Historic Battleground Site Could be Lost Due to Neglect
Ongoing funding fight with DEP could result in continued deterioration of Steuben House at New Bridge Landing
Few towns in Northern New Jersey can boast of the historical significance of a Revolutionary War battleground in their backyard, but if things continue as they have, River Edge may be facing the loss of the Von Steuben House.
"I'm very aware of the importance that New Bridge Landing could be to River Edge," Mary Donohue, Vice Chairwoman and River Edge representative of the Historic New Bridge Landing Park Commission said. "I say could be because at the present time it is in a terrible state of neglect, an almost willful deterioration that is taking place there; not on the part of the Commission or Bergen County Historical Society, but on the state of New Jersey."
New Bridge Landing is a historic site in portions of New Milford, River Edge, Hackensack and Teaneck and includes the Von Steuben House, the Campbell-Christie House and Demarest House Museum, both of New Milford, the Westervelt-Thomas Barn from Washington Township, and a constructed working out-kitchen.
Of the 9-acre property, only the one-acre around the Steuben House is owned by the state when it was purchased in 1939 and placed under the supervision of the Historic New Bridge Landing Park Commission. In 1994, the Historical Society picked up the land between the Steuben House and north of Main Street to buffer and protect the Steuben House from the 1930s auto parts junkyard. The junkyard was removed in 2000 when the Commission secured a $1.1 million Federal grant to buy and clean the junkyard through Sen. Torrecelli.
Following the April 2007 Nor'easter, legislation was approved in 2009 to transfer administration of the Steuben House and surrounding parkland from the Department of Environmental Protection to the Commission once a master plan was completed. The master plan was adopted in September 2010.
Years later and the funding is still no where to be seen, even though the Commission approved a $149,000 budget in May 2011 for the reopening of the Steuben House for school groups and the public in general.
"New Bridge Landing could be a great economic engine in town, as a matter of fact the southern end of town is designated as the New Bridge Center," Donohue said. "We envision this downtown area as a little Williamsburg. More of the Revolutionary WAr took place in New Jersey than any other states, Virginia, Pennsylvania and Massachussetts combined. With the neglect taking place at this time, it will all be gone in a couple years."
According to a 2011 report in the Record, Assistant DEP Commissioner Amy Cradic wrote that the DEP and Attorney General's Office agree that without an appropriation of state funds to the DEP or the Division of Parks and Forestry that is specifically for the administration of the Steuben House and the parkland, the department is not required to turn over any money to the commission.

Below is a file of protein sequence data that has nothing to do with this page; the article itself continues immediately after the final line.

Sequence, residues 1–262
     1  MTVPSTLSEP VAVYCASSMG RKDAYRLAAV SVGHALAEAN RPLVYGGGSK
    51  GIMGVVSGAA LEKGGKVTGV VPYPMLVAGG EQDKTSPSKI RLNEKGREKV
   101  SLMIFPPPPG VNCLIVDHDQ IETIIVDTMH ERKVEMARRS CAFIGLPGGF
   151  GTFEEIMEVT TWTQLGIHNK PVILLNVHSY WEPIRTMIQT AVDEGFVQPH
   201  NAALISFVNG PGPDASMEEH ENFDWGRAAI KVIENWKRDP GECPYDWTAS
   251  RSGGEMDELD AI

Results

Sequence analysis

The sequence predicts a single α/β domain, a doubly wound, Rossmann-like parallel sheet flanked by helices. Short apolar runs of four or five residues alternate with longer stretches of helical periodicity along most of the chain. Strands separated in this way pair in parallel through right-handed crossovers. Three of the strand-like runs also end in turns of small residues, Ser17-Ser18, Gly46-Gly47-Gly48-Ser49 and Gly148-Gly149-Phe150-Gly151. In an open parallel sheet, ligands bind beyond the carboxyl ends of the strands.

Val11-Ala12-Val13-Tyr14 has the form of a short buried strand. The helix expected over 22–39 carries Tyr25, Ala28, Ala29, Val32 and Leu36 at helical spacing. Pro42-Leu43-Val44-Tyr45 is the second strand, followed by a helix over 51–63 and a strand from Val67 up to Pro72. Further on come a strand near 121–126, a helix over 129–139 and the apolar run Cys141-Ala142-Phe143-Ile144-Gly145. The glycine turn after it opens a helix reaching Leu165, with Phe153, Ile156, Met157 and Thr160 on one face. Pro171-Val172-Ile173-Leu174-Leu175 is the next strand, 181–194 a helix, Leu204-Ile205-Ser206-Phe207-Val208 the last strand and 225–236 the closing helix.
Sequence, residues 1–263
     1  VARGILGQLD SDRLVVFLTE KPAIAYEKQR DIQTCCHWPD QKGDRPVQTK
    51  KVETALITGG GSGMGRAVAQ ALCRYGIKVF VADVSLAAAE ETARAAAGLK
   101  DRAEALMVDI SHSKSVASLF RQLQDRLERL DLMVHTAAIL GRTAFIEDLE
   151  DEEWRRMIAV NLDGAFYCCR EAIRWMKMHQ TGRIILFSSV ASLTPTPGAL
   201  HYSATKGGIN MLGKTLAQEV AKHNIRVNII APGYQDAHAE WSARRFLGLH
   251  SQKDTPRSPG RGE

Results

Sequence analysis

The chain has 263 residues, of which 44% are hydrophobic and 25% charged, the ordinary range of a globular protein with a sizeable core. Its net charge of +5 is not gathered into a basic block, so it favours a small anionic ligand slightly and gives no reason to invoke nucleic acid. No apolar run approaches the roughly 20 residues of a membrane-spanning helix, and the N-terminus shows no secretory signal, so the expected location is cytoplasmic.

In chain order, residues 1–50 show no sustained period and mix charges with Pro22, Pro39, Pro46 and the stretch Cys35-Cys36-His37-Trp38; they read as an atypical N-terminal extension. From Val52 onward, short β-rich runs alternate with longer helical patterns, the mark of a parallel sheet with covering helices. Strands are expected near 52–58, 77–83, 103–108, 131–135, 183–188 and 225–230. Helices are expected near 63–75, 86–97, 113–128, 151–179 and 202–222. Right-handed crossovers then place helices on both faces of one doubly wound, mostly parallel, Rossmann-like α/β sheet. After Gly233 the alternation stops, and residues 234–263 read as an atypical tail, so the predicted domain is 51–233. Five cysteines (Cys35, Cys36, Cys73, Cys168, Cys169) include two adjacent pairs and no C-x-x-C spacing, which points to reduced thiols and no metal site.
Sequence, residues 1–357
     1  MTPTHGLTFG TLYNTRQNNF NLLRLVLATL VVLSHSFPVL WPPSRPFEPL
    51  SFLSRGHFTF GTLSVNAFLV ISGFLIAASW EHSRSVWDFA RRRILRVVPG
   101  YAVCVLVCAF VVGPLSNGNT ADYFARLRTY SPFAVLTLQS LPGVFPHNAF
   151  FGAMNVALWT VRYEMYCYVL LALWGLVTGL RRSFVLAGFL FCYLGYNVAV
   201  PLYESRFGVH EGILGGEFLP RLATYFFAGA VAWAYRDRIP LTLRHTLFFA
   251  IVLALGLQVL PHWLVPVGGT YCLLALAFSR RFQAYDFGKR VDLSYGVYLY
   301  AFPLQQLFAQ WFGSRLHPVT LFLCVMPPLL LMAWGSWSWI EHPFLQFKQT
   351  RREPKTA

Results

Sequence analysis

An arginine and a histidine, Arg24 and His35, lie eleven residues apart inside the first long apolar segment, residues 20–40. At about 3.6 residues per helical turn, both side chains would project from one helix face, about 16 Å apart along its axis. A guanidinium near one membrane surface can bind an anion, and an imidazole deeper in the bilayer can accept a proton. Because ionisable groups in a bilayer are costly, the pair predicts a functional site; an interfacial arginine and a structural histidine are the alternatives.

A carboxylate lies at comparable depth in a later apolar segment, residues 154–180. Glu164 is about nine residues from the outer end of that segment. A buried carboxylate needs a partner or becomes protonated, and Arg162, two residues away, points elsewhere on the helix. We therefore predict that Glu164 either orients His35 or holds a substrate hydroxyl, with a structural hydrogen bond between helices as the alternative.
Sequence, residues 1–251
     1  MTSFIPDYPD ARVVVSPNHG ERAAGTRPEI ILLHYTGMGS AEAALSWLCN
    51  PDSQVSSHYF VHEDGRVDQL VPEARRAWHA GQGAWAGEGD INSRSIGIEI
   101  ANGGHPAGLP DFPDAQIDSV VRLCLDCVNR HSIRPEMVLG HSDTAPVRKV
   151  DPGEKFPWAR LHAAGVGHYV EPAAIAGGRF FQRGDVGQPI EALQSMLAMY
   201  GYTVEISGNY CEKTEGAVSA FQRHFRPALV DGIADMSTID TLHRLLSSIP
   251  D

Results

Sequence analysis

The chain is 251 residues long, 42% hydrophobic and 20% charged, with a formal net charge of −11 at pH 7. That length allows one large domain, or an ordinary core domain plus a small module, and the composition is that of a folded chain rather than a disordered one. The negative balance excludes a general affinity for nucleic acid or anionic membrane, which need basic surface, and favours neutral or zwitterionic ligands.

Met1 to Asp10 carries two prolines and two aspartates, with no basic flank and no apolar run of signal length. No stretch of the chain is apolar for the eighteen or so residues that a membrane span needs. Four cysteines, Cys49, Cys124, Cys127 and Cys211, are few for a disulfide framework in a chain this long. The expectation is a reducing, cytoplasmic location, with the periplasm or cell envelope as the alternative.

"In the stalemate we're in I would consider this an insult to River Edge," Kevin Wright, Secretary of the Commission said. "Recently a complete record of the Council of War held by Washington in the Steuben House with all of his major and brigidier generals was found. That Council of War was to essentially collect opinions on what to do with the recently landed French army in Rhdoe Island. These events occurred in River Edge and we need to break the stalemate."
Currently the Commission is working to set up meetings with Senators Gerald Cardinale, Loretta Weinberg and Robert Gordon to have a line item set up in the DEP funding for New Bridge Landing so that funding can officially be transferred to the Commission.
"If you watch TV and see commercials for Massachusetts, Virginia and Pennsylvania, these peopple know how to make money from far less history than we have," Wright said. "Am sure we're all acutely aware that when you drive up and down Main Street there are empty store fronts and vacant offices and I would never claim that New Bridge is the engine that will drive River Edge's economy but I think it would play a significant role. Two-thirds of the Revolutionary War took place in River Edge, it was seven years that Americans fought and died down there. It's Gettysburg, Yorktown, all those things in our midst. Imagine if you could open this on a steady basis to the public."
The group along with the Bergen County Historical Society is also working to raise $350,000 to construct a first-rate museum building and library where the former junkyard was located. So far, approximately $97,000 was raised this past year.
Representatives from the Commission and Historical Society stated they will meet with the New Milford and Teaneck governing bodies in the near future as well.